Vankalai Sanctuary. 12/07/10; Mannar District; 4,839 ha; 08º56’N 079º55’E. The site consists of several ecosystems which range from arid-zone thorn scrubland, arid-zone pastures and maritime grasslands, sand dunes, mangroves, salt marshes, lagoons, tidal flats, sea-grass beds and shallow marine areas. Due to the integrated nature of shallow wetland and terrestrial coastal habitats, this sanctuary is highly productive, supporting high ecosystem and species diversity. The site provides excellent feeding and living habitats for a large number of waterbird species, including annual migrants, which also use this area on arrival and during their exit from Sri Lanka. It harbours more than 20,000 waterbird during the migratory season, including the Northern Pintail (Anas acuta), Greater Flamingo (Phoenicopterus roseus) and the Eurasian Wigeon (Anas Penelope), of which Vankalai Sanctuary supports 1% of the population of the latter two species. The site's coastal and marine ecosystems are important for over 60 species of fish, marine turtles, and rare species such as Dugongs (Dugong dugon). These ecosystems provide important spawning and feeding grounds for juvenile fish species such as Trevally (Caranx spp.), Snappers (Lutjanus spp.), and also host a number of threatened species, such as the Green Turtle (Chelonia mydas), Dugongs, and Saltwater Crocodiles (Crocodylus porosus). Vankalai Sanctuary sustains diverse food chains, while also sustaining the livelihoods of fisheries-dependent communities in the area. Civil unrest has kept human activity out of this region for nearly two decades, hence there are only few permanent settlements in the area. Locals engage in small-scale livestock grazing, subsistence and commercial fishing. Part of the Vankalai Sanctuary is an archaeological site since it is partly located in the major port of ancient Sri Lanka, dated from 6th century BC to 13th century AD. The Department of Conservation is directly responsible for managing this diverse and culturally rich wetland. Ramsar site no. 1910. Most recent RIS information: 2010.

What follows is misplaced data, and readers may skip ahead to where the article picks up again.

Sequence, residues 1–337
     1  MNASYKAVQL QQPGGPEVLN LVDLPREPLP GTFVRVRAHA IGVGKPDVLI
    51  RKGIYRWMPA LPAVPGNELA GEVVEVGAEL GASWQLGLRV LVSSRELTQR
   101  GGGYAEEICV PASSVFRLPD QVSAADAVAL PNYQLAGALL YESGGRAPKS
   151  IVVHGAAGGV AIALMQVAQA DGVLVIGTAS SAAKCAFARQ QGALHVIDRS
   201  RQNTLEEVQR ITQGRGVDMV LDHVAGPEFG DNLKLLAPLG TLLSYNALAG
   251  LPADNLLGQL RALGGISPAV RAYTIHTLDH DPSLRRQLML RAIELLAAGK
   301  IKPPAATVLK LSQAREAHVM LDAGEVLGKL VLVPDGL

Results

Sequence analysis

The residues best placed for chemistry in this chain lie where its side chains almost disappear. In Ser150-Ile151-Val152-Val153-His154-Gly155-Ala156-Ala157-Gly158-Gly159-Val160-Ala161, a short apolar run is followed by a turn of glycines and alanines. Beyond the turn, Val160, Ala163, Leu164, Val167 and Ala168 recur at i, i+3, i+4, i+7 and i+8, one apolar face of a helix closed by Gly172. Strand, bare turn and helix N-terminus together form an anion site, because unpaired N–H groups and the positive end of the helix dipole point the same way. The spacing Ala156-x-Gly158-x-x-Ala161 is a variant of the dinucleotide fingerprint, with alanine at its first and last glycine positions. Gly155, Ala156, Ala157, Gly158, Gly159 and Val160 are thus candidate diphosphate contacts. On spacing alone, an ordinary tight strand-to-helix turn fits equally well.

Wilpattu Ramsar Wetland Cluster. 02/02/2013; North Western, North Central provinces; 165,800 ha; 08º32'27"N 080º10'01"E. National Park. The site encompasses all of Wilpattu National Park (Willu-pattu meaning 'Land of Lakes'), declared in 1938. Some 205 water bodies, both natural and manmade, were identified within the boundary of the park. A unique feature is the numerous 'villus' which are natural, sand-rimmed water basins ranging between 10 to 160 hectares that are filled with rainwater. The varying salt content of the villus offer an ideal habitat for a wide range of resident and migrant wildlife species, including the endangered Asia Elephant Elephas maximus, the vulnerable Lesser Adjutant (Leptoptilos javanicus) and the vulnerable freshwater crocodile Crocodylus palustris. Seagrass beds, mangroves, salt marshes, swamps and floodplain forests are also found and contribute to the area's rich biodiversity. Twenty-one endemic species of vertebrates have been recorded at the site, including the endangered Sri Lankan Leopard (Panthera pardus ssp. Kotiya) and the Ceylon Swallow (Hirundo hyperythra). The site once supported a thriving agricultural civilization, demonstrated by its 68 archaeologically important sites. Currently, communities in the southeastern and western areas rely on commercial and subsistence fisheries, while those in other areas depend upon agriculture. Invasive aquatic species, logging, slash and burn agriculture threaten the site. Ramsar Site no. 2095. Most recent RIS information: 2013.